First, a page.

NORTH CHARLESTON, S.C. -- The Latest on the Democratic presidential campaign (all times local):
Fresh from last week's viral moment in the Senate Judiciary Committee hearing, Sen. Kamala Harris said the attorney general "lied to Congress" and "is clearly more interested in representing the president than the American people."
The Democratic presidential candidate was the keynote speaker Sunday at the Detroit NAACP Fight for Freedom Fund dinner, attended by a mostly black audience of nearly 10,000.
As of Sunday, 4.8 million people had watched the C-SPAN video circulating on Twitter of the California lawmaker questioning Barr, catapulting her into the spotlight amid the crowded field of more than 20 Democrats and hammering a campaign theme that she is the candidate to "prosecute the case against Trump."
The Detroit NAACP chapter is the civil rights organization's largest, and the city will host their national convention in July, where most 2020 Democrats are expected to appear.
Democratic presidential hopeful Pete Buttigieg (BOO'-tuh-juhj) says it's imperative to reform the nation's criminal justice system in ways that are more equitable for all races.
The South Bend, Indiana, Mayor told a crowd packed into a high school auditorium in North Charleston, South Carolina, on Sunday that his plan includes eliminating mandatory minimums for nonviolent drug offenses and also legalizing marijuana.
Buttigieg also said he wants to improve relations between law enforcement and minority communities. Buttigieg is spending two days campaigning in South Carolina, where black voters make up the majority of the Democratic primary electorate.
He has said he's making a conscious effort in his campaign to focus on issues important to black voters, meeting this past week with the Rev. Al Sharpton, a civil rights leader, at the Harlem soul food restaurant Sylvia's.
The former Texas congressman spoke with reporters on Sunday after a town hall at a former livestock auction space in rural Shenandoah, Iowa.
O'Rourke said special counsel Robert Mueller's report makes impeachment more necessary than ever. He said "proceedings in the House ensure that more of these facts come to light, ensure that the Senate can make a very informed decision about this president."
Asked about Pelosi cautioning against doing so O'Rourke answered, "That's fine. We're two different people."
O'Rourke said he really respects "the speaker and what she's been able to do, but when asked my opinion I've got to give my opinion not anyone else's."
Sen. Bernie Sanders is announcing a sweeping agriculture reform and rural investment plan that would change farm subsidies and break up major agriculture monopolies.
Sanders is set to unveil the plan in Osage, Iowa, a town of fewer than 4,000 residents.
The plan includes a number of antitrust proposals, including breaking up existing agriculture monopolies and placing a moratorium on future mergers between big agriculture companies.
It also proposes major changes to the current farm subsidy system toward what the plan calls a "parity system." That plan seeks to ensure farmers are "guaranteed the cost of production and family living expenses," though the plan doesn't include details on how.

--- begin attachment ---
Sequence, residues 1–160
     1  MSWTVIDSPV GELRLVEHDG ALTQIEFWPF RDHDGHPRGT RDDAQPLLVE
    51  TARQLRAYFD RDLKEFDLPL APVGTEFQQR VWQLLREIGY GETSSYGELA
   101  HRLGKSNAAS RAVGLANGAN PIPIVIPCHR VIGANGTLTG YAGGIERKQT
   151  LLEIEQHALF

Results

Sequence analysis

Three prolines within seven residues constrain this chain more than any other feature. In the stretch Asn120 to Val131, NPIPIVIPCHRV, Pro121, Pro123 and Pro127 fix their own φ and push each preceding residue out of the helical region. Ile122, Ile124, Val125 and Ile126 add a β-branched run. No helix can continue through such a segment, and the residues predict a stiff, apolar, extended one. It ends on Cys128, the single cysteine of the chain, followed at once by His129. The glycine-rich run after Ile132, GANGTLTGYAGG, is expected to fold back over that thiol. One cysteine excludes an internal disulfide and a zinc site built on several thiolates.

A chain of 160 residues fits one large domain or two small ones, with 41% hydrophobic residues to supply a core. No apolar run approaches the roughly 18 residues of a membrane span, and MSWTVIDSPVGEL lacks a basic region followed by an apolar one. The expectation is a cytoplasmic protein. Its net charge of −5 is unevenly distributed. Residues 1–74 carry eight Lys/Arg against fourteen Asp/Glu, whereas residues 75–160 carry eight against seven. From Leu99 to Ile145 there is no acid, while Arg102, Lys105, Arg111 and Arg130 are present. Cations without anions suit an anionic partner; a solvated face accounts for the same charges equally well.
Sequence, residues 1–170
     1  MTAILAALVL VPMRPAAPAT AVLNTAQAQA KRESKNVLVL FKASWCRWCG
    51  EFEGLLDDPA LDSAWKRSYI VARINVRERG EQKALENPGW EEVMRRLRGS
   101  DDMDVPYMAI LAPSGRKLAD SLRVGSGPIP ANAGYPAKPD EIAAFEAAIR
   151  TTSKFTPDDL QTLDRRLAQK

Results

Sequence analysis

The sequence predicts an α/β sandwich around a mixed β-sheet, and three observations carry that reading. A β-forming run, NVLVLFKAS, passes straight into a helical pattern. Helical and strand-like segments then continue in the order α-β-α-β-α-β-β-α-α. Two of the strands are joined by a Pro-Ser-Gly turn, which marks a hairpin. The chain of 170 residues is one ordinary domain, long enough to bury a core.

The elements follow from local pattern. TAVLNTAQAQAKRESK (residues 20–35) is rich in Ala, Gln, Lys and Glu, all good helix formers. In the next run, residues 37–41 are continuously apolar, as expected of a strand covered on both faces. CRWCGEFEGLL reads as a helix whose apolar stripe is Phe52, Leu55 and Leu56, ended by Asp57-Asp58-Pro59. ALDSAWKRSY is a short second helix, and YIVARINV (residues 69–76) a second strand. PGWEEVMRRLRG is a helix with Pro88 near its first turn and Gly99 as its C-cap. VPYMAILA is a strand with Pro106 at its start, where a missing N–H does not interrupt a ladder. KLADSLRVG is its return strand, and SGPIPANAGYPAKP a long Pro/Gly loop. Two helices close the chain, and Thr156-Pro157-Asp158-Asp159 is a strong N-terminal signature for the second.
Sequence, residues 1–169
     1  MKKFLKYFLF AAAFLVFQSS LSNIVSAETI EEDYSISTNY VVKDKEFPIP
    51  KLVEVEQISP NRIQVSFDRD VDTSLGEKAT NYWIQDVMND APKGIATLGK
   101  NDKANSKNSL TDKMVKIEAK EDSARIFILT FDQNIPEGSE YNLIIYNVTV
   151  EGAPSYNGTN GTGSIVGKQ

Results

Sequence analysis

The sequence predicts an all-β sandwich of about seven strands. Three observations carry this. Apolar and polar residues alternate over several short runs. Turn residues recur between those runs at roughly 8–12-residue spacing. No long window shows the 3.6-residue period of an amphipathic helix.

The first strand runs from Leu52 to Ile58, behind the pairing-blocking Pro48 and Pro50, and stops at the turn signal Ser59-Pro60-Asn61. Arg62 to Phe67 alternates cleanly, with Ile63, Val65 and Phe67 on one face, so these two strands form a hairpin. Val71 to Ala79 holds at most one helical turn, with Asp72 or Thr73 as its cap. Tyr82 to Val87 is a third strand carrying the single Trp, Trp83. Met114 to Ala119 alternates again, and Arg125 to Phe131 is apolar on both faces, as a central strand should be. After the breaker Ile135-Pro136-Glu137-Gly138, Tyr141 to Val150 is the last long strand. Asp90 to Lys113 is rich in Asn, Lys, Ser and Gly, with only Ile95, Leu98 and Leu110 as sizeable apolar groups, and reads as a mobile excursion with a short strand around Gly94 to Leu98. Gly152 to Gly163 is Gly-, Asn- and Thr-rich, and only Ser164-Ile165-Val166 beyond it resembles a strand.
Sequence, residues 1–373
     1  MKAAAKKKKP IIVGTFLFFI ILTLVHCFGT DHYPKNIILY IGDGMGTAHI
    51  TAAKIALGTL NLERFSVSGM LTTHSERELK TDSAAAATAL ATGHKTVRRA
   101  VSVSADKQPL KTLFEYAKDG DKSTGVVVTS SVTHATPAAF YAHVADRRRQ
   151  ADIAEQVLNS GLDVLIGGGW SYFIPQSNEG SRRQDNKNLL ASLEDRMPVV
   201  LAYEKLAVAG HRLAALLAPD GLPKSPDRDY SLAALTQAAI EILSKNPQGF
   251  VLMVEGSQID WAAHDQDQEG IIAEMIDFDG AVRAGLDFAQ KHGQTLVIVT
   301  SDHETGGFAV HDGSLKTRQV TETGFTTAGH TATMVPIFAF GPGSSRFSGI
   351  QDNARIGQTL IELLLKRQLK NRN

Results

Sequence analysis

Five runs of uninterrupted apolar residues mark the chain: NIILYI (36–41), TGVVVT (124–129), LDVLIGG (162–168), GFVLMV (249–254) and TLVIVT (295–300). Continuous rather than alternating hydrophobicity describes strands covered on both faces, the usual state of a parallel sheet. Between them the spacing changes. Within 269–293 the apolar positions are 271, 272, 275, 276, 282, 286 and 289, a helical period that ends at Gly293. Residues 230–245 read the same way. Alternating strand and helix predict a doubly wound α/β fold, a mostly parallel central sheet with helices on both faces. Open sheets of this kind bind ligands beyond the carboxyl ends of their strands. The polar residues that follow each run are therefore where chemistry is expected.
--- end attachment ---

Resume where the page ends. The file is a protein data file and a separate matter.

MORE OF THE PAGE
Sanders would also classify food supply security as a national security issue.
The latest Democrat pursuing the presidential nomination is trying to distinguish himself as someone "who's going to level with the American people about why our system doesn't seem to work for them."
Sen. Michael Bennet of Colorado tells NBC's "Meet the Press" that his time in Washington has helped him know how to get things done and what needs fixing.
He says it's "a disgrace that we lost" to Donald Trump in 2016, adding Democrats must find an approach to deny him a second term.
Bennet says it seems "fairly clear" from special counsel Robert Mueller's report that Trump "committed impeachable offenses," but for now the senator favors continued congressional investigations.
He thinks Attorney General William Barr should resign, saying Barr "has behaved like Trump's criminal defense lawyer" rather than attorney general.
Sitting on a front-center pew, the former vice president and his wife, Jill, received a standing ovation when the Rev. Charles B. Jackson of Brookland Baptist Church introduced them as "Dr. Joe Biden and Dr. Jill Biden."
The 76-year-old Catholic candidate smiled and waved.
"Dr. Joe, that was some major applause, my brother," Jackson said.
Jackson praised his congregation as already approaching 100 percent voter registration and participation. He encouraged parishioners to "take somebody else to the polls with you."
South Carolina hosts the South's first presidential primary and is the first state in the Democratic nominating process where black voters wield considerable influence.
Democrat Joe Biden's visit to a South Carolina church Sunday is part of his 2020 presidential campaign's outreach to black voters, who play a pivotal role in the early-voting state's primary.
The former vice president is wrapping up a two-day stop in South Carolina by attending services in West Columbia.
Mayor Pete Buttigieg (BOO'-tuh-juhj) of South Bend, Indiana, is holding a town hall in North Charleston, where African Americans account for nearly half the population.
Iowa is the focus for Beto O'Rourke, the former Texas congressman, and Bernie Sanders, the Vermont senator. And Kamala (KAH'-mah-lah) Harris, the California senator, plans to attend an NAACP dinner in Detroit.